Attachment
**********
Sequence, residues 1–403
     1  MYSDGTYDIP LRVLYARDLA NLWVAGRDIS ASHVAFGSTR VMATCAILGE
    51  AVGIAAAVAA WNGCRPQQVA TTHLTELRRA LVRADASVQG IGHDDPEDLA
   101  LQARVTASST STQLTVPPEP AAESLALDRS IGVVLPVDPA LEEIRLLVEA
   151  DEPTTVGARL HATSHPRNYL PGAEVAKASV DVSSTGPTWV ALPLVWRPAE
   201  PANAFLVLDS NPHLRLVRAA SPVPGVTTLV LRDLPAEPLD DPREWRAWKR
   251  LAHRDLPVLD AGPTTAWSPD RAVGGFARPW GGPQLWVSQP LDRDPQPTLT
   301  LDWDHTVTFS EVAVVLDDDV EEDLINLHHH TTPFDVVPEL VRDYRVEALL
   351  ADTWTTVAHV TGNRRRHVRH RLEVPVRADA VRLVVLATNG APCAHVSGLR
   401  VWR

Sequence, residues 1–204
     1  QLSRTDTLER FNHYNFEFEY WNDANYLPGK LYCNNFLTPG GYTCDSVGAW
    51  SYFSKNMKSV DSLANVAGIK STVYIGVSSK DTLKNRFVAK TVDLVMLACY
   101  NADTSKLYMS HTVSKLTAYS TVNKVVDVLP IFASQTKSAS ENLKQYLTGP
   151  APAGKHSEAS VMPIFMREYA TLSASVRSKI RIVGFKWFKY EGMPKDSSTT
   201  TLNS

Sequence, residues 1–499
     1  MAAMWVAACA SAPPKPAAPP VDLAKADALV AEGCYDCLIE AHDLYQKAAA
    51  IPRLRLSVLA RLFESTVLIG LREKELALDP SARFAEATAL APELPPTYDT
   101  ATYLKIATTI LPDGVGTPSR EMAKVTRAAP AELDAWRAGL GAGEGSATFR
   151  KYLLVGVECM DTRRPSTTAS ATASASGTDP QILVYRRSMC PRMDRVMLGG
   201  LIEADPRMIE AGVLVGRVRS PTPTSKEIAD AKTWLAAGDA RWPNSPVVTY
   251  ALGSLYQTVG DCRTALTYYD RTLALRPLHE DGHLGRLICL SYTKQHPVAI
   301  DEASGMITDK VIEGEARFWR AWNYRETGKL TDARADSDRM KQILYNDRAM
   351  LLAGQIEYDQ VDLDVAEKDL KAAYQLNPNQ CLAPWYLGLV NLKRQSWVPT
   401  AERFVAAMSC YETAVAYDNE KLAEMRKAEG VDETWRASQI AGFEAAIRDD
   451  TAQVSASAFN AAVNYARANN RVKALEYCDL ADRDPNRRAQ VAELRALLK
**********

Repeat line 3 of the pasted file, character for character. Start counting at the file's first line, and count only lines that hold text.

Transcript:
    51  AVGIAAAVAA WNGCRPQQVA TTHLTELRRA LVRADASVQG IGHDDPEDLA